For years, video gamers have gotten a bad rap. They’re viewed as pasty hermits hiding in their parents’ basements, living off of cheese puffs and Mountain Dew. However, the growing popularity of online cooperative games is finally overturning this stereotype.
Ten years ago, many of my friends played World of Warcraft, the ultimate stereotypical “gamer nerd” game. Though these friends would wear the title “nerd” with honor, they didn’t fit the loner typecast that the media portrays. For them, games were just another outlet for their already rich social lives. Research has shown us that loneliness and social isolation can be detrimental to health by increasing stress hormones and inflammation (1). My friends rightfully felt that they were caring for themselves by playing games.
The social benefit of games shouldn’t come as a surprise. Kids started gathering to play Nintendo and Atari decades ago. I spent much of my childhood getting laughed at by a cartoon dog because I was a poor shot in Duck Hunt. Advances in internet technology now allow people to play together without sharing the same space, and this has led to a proliferation of online gaming. Some say the explosion began with Call of Duty 2 in 2005, which has sold over 5,800,000 copies to date (2), and it continues with Fortnite: Battle Royal, which gained 10 million players in its first two weeks (3). With these ever-increasing numbers, we can assume that players are getting something positive from their experiences.
As online gaming expands, more and more people are scrutinizing its possible health effects. Critics often ignore games’ social benefits and fear that by exposing children to violent games, they may become violent themselves (4). However, this theory has been debunked, and games are no more harmful than TV or movies (4). Plus, some evidence suggests that games may actually be beneficial to health. According to an article by the American Psychological Association, video games likely increase learning, health, and social skills (2).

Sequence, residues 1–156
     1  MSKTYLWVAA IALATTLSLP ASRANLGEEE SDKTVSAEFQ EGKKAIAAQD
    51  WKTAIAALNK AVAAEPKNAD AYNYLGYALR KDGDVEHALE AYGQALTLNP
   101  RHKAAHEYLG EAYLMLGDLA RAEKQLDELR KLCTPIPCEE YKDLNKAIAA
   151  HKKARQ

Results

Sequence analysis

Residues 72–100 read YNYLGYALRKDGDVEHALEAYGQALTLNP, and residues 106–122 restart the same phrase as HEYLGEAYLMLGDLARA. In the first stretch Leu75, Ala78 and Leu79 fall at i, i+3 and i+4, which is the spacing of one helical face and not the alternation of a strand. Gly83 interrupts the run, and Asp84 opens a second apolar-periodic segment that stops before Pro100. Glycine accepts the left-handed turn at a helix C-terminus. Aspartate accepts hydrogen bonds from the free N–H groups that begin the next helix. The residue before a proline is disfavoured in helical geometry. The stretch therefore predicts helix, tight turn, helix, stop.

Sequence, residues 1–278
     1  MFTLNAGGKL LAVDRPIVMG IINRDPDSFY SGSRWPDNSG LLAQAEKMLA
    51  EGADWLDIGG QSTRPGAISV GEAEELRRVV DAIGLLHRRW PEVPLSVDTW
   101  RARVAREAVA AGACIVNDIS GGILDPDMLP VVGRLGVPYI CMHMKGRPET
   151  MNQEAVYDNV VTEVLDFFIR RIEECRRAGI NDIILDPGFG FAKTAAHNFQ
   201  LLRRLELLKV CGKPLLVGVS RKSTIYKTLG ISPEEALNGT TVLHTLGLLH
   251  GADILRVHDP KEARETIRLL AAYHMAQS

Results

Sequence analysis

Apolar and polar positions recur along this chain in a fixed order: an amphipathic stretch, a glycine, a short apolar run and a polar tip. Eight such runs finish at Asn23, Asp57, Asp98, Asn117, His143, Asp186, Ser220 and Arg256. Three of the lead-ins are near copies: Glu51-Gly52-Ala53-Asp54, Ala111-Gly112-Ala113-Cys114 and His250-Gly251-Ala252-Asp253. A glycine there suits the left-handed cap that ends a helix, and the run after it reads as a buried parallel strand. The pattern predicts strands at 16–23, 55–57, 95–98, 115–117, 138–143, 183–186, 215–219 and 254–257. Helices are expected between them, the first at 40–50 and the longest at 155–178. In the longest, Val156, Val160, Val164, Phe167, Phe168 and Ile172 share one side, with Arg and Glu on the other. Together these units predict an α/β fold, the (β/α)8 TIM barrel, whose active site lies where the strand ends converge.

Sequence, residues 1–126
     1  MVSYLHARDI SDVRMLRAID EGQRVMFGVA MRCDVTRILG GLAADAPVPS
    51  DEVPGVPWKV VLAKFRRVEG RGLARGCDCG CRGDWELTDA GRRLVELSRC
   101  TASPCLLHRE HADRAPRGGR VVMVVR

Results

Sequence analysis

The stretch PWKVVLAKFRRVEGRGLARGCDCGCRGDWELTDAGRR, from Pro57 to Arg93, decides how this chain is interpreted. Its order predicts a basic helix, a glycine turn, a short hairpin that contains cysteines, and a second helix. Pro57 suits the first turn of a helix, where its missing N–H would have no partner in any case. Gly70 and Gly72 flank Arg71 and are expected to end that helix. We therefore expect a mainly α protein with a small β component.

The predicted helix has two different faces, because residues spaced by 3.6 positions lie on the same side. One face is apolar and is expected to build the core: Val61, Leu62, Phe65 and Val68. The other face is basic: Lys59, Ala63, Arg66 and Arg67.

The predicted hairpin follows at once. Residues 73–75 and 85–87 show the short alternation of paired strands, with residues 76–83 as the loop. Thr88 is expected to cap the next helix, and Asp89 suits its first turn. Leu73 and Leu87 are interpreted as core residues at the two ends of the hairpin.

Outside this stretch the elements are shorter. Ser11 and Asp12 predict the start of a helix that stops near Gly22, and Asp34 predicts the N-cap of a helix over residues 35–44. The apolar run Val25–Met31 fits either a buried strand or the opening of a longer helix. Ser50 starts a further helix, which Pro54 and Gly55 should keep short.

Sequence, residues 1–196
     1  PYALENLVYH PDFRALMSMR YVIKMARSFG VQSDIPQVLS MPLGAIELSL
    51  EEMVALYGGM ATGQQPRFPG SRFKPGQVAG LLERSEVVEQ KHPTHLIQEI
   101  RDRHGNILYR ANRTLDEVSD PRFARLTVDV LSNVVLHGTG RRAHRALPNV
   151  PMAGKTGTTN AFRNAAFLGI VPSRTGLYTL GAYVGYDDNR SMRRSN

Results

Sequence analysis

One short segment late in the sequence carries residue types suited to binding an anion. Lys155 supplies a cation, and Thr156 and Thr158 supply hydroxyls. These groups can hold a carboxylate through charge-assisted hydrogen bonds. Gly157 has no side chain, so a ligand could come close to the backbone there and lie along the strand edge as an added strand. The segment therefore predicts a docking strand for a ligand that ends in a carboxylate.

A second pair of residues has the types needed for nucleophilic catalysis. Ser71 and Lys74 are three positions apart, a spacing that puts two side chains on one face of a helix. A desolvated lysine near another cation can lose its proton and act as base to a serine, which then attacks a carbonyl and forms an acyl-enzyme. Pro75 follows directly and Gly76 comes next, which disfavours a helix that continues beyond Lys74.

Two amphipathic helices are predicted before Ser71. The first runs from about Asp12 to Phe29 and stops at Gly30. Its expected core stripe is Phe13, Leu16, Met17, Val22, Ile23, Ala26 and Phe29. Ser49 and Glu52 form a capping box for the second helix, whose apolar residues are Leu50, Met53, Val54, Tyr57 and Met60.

So, if you’re wanting to pick up a copy of the next hot game, go for it. It may be good for your health.
- Kluger, Jeffrey. 5 Ways Loneliness Can Hurt Your Health. Time.com. [Online] November 13, 2017. http://time.com/5009202/loneliness-effects/.
- Murphy, Richard. How significantly has Call of Duty changed gaming? Games Radar. [Online] November 1, 2013. https://www.gamesradar.com/how-significantly-has-call-duty-changed-gaming/.
- Lumb, David. ‘Fortnite: Battle Royale’ claims 10 million players. Engadget. [Online] October 11, 2017. https://www.engadget.com/2017/10/11/fortnite-battle-royale-claims-10-million-players/.
- Gentile, Douglas (interviewee) and Shapiro, Ari (host). What Research Says About Video Games And Violence In Children. All Things Considered Radio Program. [Online] National Public Radio, March 3, 2018. https://www.npr.org/2018/03/08/592046294/what-research-says-about-video-games-and-violence-in-children.
- Bowen, Lisa. Video game play may provide learning, health, social benefits, review finds. Monitor on Psychology. February 2014, Vol. 45, 2.
- Gerencer, Tom. How Much Money Has Every Call of Duty Game Made? Money Nation. [Online] December 23, 2015. http://moneynation.com/how-much-money-has-every-call-of-duty-game-made/.